Given just three weeks, McGraw still throwing zingers

Updated: January 5, 2004, 8:56 PM ET
Associated Press

PHILADELPHIA -- Tug McGraw won't let his illness affect his sense of humor.

Tug McGraw
Former relief pitcher Tug McGraw said Thursday that he's confident in his fight against brain cancer.

His thoughts slowed because of medication, McGraw reeled off one-liners in typical style Thursday as he talked about his battle with brain cancer for the first time.

"It was a lovefest," McGraw said after walking into the Philadelphia Phillies' clubhouse. "Everybody came over to me. There were a lot of hugs and some kisses, probably from the switch hitters."

A former star reliever with the Phillies and the New York Mets, McGraw was diagnosed with a malignant brain tumor shortly after he was hospitalized in Clearwater, Fla., on March 12.

McGraw, 58, was working as a special spring training instructor for the Phillies when he became ill. He knew something wasn't right when he went to the stadium on an off day.

"They told me I had three weeks to live," McGraw said. "I'm still alive, so the three-week thing didn't work."

Joined by his 7-year old son, Matthew, and wearing a baseball cap that bore his trademark slogan, "Ya Gotta Believe," McGraw became emotional a few times during a news conference at Veterans Stadium before the Phillies played the Mets.

"I'm not fearful. I have confidence," said McGraw, best known for his zany antics during his 20-year career in the major leagues.

McGraw underwent six hours of surgery to remove a brain tumor nine days after he was hospitalized. He completed one month of radiation and chemotherapy, and is still undergoing chemotherapy one week a month.

"The prognosis is very good," said McGraw, who lost his long, blonde hair because of the chemo.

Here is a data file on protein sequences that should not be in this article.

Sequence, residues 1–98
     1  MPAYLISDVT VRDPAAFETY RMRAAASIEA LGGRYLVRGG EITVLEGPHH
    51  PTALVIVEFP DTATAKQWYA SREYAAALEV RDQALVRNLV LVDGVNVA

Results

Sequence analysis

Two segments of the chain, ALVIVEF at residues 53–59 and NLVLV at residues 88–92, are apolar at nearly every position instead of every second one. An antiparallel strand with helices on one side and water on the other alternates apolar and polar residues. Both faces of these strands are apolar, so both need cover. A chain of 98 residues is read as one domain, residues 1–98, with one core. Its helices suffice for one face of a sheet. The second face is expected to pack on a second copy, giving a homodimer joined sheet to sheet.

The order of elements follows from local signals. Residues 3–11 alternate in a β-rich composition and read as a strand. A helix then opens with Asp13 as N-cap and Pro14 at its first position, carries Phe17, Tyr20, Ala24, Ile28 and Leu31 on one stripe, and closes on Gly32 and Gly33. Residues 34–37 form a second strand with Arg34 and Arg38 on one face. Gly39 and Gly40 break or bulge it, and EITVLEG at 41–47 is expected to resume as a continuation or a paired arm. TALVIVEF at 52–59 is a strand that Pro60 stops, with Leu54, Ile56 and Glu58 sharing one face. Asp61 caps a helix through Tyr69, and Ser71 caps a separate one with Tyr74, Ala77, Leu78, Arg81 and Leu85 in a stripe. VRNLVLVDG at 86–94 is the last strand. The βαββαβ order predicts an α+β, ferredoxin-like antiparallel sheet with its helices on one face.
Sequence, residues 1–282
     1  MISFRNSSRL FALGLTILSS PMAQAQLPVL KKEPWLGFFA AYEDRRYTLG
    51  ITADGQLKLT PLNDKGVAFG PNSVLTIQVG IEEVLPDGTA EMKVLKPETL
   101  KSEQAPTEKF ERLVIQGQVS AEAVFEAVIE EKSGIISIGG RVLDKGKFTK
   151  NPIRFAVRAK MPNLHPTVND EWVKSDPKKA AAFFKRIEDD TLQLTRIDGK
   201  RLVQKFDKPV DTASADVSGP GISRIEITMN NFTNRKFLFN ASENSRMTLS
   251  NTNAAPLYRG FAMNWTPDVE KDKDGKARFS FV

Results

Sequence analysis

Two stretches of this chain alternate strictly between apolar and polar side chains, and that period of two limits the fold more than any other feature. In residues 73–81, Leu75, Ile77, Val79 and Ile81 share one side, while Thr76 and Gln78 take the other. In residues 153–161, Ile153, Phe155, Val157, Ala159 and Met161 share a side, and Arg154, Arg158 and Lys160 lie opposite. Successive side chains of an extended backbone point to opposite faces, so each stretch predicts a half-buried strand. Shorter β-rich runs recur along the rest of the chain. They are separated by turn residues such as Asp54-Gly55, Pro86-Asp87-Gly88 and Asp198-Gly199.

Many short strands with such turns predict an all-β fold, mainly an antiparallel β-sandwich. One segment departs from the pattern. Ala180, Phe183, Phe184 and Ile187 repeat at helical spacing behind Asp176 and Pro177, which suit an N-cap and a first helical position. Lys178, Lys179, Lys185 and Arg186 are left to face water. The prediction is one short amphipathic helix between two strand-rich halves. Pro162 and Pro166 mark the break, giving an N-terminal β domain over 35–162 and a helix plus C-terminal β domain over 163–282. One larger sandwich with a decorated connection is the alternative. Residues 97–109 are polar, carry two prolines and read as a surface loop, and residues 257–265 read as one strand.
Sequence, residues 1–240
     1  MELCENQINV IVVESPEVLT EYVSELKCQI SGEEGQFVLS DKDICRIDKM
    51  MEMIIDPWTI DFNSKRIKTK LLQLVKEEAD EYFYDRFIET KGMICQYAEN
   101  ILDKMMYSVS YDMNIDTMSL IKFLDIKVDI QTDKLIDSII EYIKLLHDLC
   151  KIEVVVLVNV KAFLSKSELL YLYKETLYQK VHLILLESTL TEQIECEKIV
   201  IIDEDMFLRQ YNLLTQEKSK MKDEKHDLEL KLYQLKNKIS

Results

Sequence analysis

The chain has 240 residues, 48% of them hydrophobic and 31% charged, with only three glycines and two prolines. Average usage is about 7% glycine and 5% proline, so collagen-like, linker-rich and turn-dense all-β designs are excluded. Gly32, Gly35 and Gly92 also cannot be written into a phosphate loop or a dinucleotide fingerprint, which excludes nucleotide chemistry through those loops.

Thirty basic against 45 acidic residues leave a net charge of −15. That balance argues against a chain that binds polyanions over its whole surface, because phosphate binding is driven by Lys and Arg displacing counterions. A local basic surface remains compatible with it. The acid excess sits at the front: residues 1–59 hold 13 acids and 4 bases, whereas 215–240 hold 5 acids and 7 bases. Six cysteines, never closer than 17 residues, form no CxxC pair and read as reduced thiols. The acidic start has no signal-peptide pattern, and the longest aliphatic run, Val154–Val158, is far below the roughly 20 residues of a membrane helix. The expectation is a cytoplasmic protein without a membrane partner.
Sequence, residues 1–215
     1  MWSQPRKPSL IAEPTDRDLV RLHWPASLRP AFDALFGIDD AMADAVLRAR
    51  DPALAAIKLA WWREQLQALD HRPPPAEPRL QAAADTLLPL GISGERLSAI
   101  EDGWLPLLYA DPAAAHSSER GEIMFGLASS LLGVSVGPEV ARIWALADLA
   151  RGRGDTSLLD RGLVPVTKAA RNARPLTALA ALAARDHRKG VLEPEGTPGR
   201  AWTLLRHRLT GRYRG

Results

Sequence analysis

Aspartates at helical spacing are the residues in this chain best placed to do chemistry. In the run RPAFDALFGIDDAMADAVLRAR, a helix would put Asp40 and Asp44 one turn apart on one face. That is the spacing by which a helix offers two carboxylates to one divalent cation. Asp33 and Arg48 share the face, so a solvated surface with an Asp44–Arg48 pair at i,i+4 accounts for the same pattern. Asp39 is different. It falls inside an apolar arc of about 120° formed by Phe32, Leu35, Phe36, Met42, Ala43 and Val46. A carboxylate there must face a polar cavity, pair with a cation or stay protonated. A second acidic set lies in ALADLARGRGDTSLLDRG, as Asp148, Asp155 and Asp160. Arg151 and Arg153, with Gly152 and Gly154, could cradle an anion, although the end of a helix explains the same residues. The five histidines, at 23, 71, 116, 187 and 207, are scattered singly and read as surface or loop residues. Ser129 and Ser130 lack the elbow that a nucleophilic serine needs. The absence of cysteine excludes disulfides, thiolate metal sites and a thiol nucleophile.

McGraw compiled a 96-92 record with a 3.14 ERA and 180 saves in his career with the Mets and Phillies. The left-hander pitched for the Mets from 1965-74 and the Phillies from 1975-84.

McGraw popularized the phrase, "Ya Gotta Believe!" with the Mets during their improbable pennant run in 1973, and later closed out the Phillies' only World Series championship in 1980.

A fan favorite in both Philadelphia and New York, McGraw is best remembered by Phillies fans for striking out Kansas City's Willie Wilson to end Game 6 of the 1980 World Series and win the title.

The Phillies are hanging McGraw's No. 45 jersey in the dugout during each of their games this season.

"He's a big part of our history," said Phillies manager Larry Bowa, who played with McGraw on the 1980 Phillies. "It was great to see him."

Phillies third-base coach John Vukovich was the first to greet McGraw when he entered the team's clubhouse.

"He's a tough guy. He's going to be fine," said Vukovich, another member of the 1980 Phillies.

McGraw didn't stay to watch Thursday night's game, but planned to return to the Vet for Saturday night's game against the Montreal Expos. He said the response he has received from fans, former teammates and other players has been incredible.

"Being a flake and someone who lives on the edge, you don't know how people would respond. It's been overwhelming," he said.


Copyright 2003 by The Associated Press

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